Medtech-iQ Aotearoa is gaining momentum with each of the four hubs now partnered with local organisations to initiate a working group for this early-stage development and identify focus areas to progress in the next few years.
Medtech-iQ Tāmaki Makaurau
Working group: AUT, University of Auckland, Callaghan Innovation, Te Whatu Ora Te Toka Tumai and Waitematā, Tātaki Auckland Unlimited, Whānau Tahi, and Moana Connect.
Medtech-iQ Tāmaki Makaurau will focus on developing a medical device prototyping centre which will be hosted by the University of Auckland at its Newmarket Innovation Precinct. A Clinical Ideas Generator is also in planning and will be hosted by Te Whatu Ora.
The University of Auckland has committed funding for the hub for the next five years to establish Medtech-iQ Tāmaki Makaurau operations at Auckland Bioengineering Institute. This will anchor the University as a major contributor and lead party in establishing the Tāmaki Makaurau Auckland regional hub, a vital step towards initiating the national connected hub model enabled by Medtech-iQ Aotearoa.
Working group: Victoria University of Wellington, Massey University, University of Otago and Te Whatu Ora Capital, Coast and Hutt Valley.
Medtech-iQ Pōneke will focus on developing and expanding the shared Simulation and Skills Centre facilities at Wellington Regional Hospital. Opened in 1997, the Centre is a purpose-designed facility suitable for the simulation needs of a wide range of healthcare professionals and researchers, with the ability to provide point of care simulation and training. It aims to improve patient safety through simulation-based education and research. The Centre is key to the Medtech space as it allows for the testing and teaching of new technology in a simulated clinical situation, without the need to compromise patient safety. By upgrading and modernising the centre, it is ensuring its usefulness as research and teaching facility and availability to all Medtech-iQ Pōneke partners and the national ecosystem.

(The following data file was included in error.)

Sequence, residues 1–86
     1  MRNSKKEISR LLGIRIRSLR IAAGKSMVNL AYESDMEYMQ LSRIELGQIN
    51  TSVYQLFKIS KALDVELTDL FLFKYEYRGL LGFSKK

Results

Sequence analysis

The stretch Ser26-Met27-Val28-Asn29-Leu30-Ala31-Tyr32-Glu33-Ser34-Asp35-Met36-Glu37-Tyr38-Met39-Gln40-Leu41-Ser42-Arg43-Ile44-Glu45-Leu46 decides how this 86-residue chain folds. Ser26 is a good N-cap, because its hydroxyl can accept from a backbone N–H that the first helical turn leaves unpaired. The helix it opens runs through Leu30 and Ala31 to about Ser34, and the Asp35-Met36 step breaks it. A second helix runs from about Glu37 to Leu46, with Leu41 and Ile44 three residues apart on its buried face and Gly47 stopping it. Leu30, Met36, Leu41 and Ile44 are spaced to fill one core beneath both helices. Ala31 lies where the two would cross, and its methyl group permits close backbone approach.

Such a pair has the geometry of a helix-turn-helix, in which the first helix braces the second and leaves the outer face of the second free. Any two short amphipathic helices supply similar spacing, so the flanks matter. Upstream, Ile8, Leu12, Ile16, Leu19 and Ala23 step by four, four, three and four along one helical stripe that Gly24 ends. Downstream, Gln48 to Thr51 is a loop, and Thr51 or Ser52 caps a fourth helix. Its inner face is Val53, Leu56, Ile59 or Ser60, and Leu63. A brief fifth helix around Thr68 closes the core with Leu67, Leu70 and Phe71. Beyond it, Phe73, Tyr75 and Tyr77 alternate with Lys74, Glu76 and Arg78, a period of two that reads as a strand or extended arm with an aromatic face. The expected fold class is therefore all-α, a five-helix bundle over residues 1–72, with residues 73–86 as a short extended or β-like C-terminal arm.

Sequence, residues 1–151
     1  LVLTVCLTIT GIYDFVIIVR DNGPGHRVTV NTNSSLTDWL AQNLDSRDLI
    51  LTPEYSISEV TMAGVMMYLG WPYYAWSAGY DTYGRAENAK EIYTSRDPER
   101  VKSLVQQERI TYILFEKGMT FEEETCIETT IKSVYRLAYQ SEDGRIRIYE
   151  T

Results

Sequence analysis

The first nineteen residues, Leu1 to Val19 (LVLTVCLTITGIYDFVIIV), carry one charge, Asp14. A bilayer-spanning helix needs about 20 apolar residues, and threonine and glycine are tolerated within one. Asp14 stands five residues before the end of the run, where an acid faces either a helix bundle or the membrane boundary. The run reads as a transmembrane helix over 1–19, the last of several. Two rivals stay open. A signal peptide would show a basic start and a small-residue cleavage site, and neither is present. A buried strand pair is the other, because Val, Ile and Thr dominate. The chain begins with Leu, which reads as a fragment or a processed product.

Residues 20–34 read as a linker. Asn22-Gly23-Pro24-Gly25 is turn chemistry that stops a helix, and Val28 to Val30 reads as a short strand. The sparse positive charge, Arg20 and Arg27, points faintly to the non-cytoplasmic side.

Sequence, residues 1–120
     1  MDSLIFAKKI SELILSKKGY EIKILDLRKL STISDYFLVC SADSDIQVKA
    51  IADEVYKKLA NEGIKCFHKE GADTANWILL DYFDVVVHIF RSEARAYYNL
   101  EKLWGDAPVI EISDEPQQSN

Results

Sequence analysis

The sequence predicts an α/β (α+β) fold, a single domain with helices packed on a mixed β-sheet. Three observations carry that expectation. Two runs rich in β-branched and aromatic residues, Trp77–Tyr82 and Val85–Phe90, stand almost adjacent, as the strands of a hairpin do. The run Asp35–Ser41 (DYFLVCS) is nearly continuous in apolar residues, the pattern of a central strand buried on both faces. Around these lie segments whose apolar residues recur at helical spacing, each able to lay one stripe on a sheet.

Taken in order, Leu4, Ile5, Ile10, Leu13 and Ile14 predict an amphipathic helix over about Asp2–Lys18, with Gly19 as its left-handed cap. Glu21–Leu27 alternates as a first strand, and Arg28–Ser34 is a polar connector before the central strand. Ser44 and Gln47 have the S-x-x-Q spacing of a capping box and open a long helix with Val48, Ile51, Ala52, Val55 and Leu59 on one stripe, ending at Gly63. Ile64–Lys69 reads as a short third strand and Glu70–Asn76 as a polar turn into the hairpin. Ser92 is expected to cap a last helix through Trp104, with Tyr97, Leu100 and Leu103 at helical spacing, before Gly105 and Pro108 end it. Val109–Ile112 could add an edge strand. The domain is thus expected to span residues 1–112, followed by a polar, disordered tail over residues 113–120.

Working Group: Te Papa Hauora Health Precinct, ChristchurchNZ, Christchurch Health Technology Centre.
The Medtech-iQ Ōtautahi working group have begun developing the foundational elements of their hub – the vision, mission and strategic objectives. The first vision workshop in September brought together stakeholders from tertiary, health and industry. The next step is engaging with Canterbury’s wider health innovation community for further input. There is strong commitment to advancing the sector to ensure we have a well-integrated hub for supporting new ideas and research from concept through to commercialisation and improving health outcomes.
Te Papa Hauora Chair Peter Townsend says the need to better coordinate health tech regionally and nationally is compelling. “Canterbury has proven that working across the health system, and interfacing with key stakeholders and the wider community can make a real difference. There are opportunities to be realised by continuing to facilitate and coordinate health tech innovation locally”.
Working group: University of Otago, Enterprise Dunedin, Centre of Digital Excellence.
Medtech-iQ Ōtepoti will focus on digital interactive health platforms bringing the gaming sector into HealthTech innovation.
Work has continued on developing digital interactive health (DIH) in Ōtepoti Dunedin. A working group including mana whenua, senior officials, clinicians, researchers and entrepreneurs has been established to support the development of the business case and activities.